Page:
Focal adhesion kinase (FAK) initially identified as a unique cytoplasmic tyrosine kinase involved in focal adhesions, has been studied extensively in fibroblasts. In these cells, FAK has been shown to play an essential role in bridging signals between integrin and growth factor receptors such as the PDGF and the EGF receptor. In fibroblasts, FAK localizes to regions of the cell that attach to the extracellular matrix and coordinates signals from integrins, cytokines, growth factor receptors, and oncogenes. In some tumors, FAK is over-expressed or constitutively activated, which correlates with increased motility, invasiveness, and proliferation. More recently, expression of FAK in acute myeloid leukemia was associated with enhanced blast migration, increased cellularity, and poor prognosis. However, virtually nothing is known about FAKs role in normal hematopoiesis. FAK is expressed in blood cells, including in bone marrow derived KIT+, Gr-1+, Mac-1+, CD4+, CD8+ and B220+ cells. To determine how loss of FAK affects hematopoiesis, we have generated a mouse model with hematopoietic restricted deletion of FAK. We deleted FAK in bone marrow cells by crossing the FAK-flox mice to Mx.Cre+ expressing mice and by treating Mx.cre+FAK+/+ and Mx.cre+FAKflox/flox mice with poly (I)-poly(C) and then analyzing mice 1 month after the last injection. After one month of poly(I)-poly(C) induction, the progeny failed to express detectable levels of FAK in bone marrow, spleen as well as in bone marrow derived macrophages as determined by PCR and western blotting. Evaluation of peripheral blood counts in control and FAK deleted mice revealed modest but significant differences in different lineages (WBC k/μl: FAK; 14 vs. FAK−/−; 10.3, n=7, *p<0.05, LY k/μl: FAK; 10.48 vs. FAK−/−; 7.26, n=7, *p<0.005, RBC k/μl: FAK; 9.76 X106 vs. FAK−/−;8.58 X106 n=7 *p<0.003, PLT k/μl: FAK; 644 vs. FAK−/−; 434 n=7 *p<0.007). Since macrophages express abundant levels of FAK and are rapidly recruited in large numbers to sites of infection, we initially examined the role of FAK in macrophages by creating a well studied model of aseptic thioglycolate-induced peritonitis. Our results demonstrate a ∼1.5 fold reduction in the migration of macrophages to the peritoneal cavity of FAK/− mice compared to controls (n=5, FAK; 1.8 X 106 vs. FAK−/−; 1.213 X106, *p<0.03). The reduction in recruitment of FAK/− macrophages was observed in spite of comparable levels of F4/80 expression (WT; 92.98% vs. FAK−/−; 94.55%) as well as integrin (α4β1 & α5β1) expression (WT; 68% & 83.79% vs. FAK−/−; 60.39% & 83.17%, respectively) between WT and FAK/− macrophages. Further analysis of FAK/− macrophages revealed a significant decrease in extracellular matrix/integrin directed migration of these cells in response to M-CSF on fibronectin (40% reduction), laminin (55% reduction) and collagen (60% reduction) (n=3, *p<0.004) coated plates as well as a decrease in migration in a wound healing assay (n=3, *p<0.003). The reduction in migration of FAK/− macrophages was associated with a significant decrease in adhesion on fibronectin (63%), laminin (52%) and collagen (56%) as well as spreading (n=3, *p<0.03). Taken together, our results provide a critical physiologic role for FAK in regulating several adhesive and migratory functions in cells of myeloid lineage. Additional functions of FAK in other hematopoietic lineages will be discussed.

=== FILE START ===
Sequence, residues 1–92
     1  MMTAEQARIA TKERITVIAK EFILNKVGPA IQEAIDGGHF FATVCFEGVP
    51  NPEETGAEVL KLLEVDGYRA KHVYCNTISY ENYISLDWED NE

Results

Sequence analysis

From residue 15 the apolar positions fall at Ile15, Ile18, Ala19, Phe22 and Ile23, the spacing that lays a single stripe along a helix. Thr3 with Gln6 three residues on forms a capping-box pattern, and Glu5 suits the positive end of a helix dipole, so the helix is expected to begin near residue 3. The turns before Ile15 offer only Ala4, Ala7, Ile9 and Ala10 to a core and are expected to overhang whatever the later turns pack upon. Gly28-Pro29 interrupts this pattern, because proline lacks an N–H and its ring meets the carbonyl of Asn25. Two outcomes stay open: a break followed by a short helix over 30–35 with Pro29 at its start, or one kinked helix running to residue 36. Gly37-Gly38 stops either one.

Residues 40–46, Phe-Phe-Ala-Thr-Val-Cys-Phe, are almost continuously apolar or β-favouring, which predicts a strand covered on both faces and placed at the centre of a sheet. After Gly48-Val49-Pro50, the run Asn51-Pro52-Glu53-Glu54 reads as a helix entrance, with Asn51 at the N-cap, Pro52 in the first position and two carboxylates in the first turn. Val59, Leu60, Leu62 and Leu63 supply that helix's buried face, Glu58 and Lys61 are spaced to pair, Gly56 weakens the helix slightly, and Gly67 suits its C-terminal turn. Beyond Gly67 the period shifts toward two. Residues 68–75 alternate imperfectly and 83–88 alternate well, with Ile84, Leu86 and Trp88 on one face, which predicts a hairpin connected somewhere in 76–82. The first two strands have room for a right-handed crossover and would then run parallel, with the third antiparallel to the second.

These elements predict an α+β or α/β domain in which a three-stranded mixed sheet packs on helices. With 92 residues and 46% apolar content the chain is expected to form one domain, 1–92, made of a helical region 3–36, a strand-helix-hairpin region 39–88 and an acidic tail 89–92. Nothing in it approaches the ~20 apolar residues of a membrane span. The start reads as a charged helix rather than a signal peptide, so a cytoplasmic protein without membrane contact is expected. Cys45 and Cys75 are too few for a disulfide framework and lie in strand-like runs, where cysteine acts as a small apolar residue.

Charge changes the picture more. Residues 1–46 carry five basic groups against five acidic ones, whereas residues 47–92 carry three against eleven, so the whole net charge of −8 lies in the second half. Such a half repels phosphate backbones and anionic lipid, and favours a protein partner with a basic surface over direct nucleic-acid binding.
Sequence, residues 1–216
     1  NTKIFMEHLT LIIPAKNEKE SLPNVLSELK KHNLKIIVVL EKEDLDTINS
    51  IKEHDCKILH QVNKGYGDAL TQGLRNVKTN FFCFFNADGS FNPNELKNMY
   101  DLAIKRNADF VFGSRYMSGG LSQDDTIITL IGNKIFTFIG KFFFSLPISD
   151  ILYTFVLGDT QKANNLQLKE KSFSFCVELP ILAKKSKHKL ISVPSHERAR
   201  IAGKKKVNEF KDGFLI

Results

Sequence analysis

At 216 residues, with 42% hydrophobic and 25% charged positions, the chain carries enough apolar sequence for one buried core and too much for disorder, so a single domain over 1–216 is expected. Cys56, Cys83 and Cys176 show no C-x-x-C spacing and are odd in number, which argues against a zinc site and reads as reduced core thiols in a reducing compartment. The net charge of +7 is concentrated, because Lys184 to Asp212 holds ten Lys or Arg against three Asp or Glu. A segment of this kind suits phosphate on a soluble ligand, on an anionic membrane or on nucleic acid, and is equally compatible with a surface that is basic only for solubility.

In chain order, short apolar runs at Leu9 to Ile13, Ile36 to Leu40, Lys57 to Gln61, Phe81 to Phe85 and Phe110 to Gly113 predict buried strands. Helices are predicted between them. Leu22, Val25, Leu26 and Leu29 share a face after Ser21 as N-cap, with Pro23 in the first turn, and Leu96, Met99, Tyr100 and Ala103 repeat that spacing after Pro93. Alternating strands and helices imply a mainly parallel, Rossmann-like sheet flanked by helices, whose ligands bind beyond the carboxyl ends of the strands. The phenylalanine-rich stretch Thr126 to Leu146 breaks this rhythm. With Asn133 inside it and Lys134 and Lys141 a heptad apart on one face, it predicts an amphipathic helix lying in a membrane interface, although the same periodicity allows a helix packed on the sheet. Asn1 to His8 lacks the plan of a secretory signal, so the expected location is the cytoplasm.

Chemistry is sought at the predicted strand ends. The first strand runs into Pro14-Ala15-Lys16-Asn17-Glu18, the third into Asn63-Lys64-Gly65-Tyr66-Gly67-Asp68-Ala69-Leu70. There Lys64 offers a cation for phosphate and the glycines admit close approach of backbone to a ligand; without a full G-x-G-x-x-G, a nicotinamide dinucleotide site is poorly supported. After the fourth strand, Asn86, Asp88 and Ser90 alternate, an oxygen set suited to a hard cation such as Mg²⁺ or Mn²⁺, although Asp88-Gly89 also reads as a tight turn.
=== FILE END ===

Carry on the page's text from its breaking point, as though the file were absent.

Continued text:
Author notes

Disclosure: No relevant conflicts of interest to declare.